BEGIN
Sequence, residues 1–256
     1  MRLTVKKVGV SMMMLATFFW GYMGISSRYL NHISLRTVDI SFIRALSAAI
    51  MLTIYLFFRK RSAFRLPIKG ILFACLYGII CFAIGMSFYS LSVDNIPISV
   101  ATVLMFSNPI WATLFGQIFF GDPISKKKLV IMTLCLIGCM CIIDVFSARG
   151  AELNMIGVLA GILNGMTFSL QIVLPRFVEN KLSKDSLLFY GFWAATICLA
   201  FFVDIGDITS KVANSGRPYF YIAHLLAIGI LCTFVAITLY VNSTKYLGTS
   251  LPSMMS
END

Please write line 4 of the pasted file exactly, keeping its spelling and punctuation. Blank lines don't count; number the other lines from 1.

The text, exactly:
   101  ATVLMFSNPI WATLFGQIFF GDPISKKKLV IMTLCLIGCM CIIDVFSARG